Re: what about pva sizing?
Jim, I'm glad to see your answer, thanks. I do suspect the
difference in our observations is related to the difference in papers.
On Mar 16, 2009, at 9:52 AM, Jim Larimer wrote:
Paul and Katharine...I do use and like Gamblin's PVA size. I use it
full strength, but have had others tell me 50/50 works well for
them. The only papers that I have used it on is Canson Montval 140
lb CP, Canson 124lb Rough and Fabriano Artistico Rough 140 lb, so
there could very well be issues with absorbancy, as Katharine
suggests, with other papers. Also, I do like the luster, especially
on the "rough" paper. It seems to add some depth to the darks.
On Mon, Mar 16, 2009 at 12:27 PM, Katharine Thayer
I don't know about pt/pd or other processes, but I've been trying
it for gum and so far not pleased with the results. Apparently I
don't have Jim's magic touch, or something. I believe Jim uses it
at full strength (if I have that wrong, please correct) but at full
strength I get a grainy image (will scan example later if I
remember to get it when I go downstairs) that isn't acceptable to
me; I also dislike the high shine. Have also tried it at half
strength and 1/3 strength but didn't like those either, I forget
now why. Would need to go down and look at test prints to refresh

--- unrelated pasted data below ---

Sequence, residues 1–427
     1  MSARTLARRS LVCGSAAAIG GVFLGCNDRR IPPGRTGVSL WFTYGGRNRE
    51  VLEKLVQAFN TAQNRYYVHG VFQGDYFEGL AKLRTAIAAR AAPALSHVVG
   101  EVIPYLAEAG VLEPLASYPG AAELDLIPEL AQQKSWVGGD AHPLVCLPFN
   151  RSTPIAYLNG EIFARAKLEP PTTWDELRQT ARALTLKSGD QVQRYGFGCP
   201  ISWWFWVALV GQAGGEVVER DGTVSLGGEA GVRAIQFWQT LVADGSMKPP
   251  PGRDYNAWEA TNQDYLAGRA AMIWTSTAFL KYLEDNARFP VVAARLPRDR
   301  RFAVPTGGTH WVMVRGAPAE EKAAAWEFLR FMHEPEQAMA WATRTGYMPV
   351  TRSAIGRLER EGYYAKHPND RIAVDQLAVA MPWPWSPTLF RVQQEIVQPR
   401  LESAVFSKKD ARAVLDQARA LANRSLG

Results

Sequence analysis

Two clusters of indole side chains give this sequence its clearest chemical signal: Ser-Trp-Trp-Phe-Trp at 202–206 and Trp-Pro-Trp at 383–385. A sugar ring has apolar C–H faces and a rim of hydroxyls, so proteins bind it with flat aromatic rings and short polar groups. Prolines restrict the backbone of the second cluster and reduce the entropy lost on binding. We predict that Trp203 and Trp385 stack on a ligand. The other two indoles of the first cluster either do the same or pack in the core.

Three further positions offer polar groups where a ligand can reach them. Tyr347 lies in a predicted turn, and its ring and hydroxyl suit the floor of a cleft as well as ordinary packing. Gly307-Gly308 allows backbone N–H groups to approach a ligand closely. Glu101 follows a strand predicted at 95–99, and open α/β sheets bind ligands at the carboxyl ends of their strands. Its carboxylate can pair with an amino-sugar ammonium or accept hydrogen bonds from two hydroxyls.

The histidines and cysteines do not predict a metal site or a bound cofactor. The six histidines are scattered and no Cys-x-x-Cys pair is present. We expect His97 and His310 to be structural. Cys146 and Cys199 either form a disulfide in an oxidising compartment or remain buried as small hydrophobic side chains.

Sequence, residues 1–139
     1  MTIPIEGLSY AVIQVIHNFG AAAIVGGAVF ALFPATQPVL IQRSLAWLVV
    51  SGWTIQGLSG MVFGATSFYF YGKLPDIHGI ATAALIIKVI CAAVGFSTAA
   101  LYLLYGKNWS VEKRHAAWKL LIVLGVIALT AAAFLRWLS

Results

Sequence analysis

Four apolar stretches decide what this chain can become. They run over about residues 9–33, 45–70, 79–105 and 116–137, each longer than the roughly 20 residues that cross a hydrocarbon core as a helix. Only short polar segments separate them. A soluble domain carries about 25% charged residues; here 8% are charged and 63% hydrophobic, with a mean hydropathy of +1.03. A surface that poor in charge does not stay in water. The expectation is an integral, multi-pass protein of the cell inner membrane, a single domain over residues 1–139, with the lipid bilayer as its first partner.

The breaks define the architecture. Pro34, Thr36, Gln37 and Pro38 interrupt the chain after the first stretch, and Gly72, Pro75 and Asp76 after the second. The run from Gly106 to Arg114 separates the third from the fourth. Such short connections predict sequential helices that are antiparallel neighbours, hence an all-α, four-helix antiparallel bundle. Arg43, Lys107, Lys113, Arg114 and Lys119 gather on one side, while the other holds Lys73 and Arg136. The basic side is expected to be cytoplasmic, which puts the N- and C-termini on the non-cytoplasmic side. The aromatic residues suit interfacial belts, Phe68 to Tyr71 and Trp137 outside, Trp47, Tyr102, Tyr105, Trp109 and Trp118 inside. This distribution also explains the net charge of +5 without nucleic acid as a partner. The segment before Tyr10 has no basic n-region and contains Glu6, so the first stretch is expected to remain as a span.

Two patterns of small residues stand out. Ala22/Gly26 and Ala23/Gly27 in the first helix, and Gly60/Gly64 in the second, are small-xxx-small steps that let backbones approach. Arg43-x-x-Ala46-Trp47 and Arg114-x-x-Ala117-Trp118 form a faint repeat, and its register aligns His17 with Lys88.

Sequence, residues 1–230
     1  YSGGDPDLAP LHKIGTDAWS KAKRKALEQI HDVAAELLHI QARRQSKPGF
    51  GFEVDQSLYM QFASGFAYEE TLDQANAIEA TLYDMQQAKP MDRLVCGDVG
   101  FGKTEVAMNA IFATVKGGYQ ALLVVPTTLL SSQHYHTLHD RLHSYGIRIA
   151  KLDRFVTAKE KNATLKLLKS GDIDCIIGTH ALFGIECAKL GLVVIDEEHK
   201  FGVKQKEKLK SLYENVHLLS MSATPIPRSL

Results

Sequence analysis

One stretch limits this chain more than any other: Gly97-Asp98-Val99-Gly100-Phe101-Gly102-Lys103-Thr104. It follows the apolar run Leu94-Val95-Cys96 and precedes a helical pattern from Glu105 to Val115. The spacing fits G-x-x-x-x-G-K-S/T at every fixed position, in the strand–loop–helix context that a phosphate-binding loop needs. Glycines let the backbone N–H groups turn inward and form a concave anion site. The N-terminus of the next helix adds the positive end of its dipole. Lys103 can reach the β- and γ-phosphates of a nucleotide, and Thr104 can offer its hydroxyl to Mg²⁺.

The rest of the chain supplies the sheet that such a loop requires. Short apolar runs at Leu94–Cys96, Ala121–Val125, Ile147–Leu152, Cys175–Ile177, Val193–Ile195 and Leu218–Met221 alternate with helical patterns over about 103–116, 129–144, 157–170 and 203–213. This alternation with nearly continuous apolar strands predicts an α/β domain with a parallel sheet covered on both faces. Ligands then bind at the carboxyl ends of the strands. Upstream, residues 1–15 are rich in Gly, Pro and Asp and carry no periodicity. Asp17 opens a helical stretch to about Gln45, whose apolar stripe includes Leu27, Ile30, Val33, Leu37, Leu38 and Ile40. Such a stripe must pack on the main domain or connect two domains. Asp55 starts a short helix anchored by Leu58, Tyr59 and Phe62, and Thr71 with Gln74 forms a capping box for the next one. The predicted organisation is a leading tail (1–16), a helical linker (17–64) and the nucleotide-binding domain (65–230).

my memory. All I know is, none of my experiments with Gamblin PVA
sizing for gum were satisfactory to me, and I've gone back to
gelatin and glyoxal. This was on Arches bright white, a very hard,
crisp-surfaced paper; I suspect it may work better on a more
On Mar 16, 2009, at 9:05 AM, Paul Viapiano wrote:
What about using Gamblin PVA size?
I know that Jim Larimer likes to use it for gums...has anyone else
used it for pt/pd or other processes?
I'd like to buy a bottle today and try it out...
----- Original Message ----- From: "Alberto Novo"
Sent: Monday, March 16, 2009 9:29 AM
Subject: Re: agar sizing
did you note if it still has adhesive power round 40° ? 8 - )
I think you mean if this happens after a warm soaking, like for
resinotype. I don't believe agar swells like gelatin, because you
need to rise the temperature up to 90°C to dissolve it. However, I
will check these days.
is it yellowish or it has other "nuances"?
I have a yellowish agar, given me by a biologist, and a perfectly
white (edible) agar bought in a grocery. But also the yellowish
one, once brushed on the paper and air dried, is only barely
visible but for the shine of the sheet.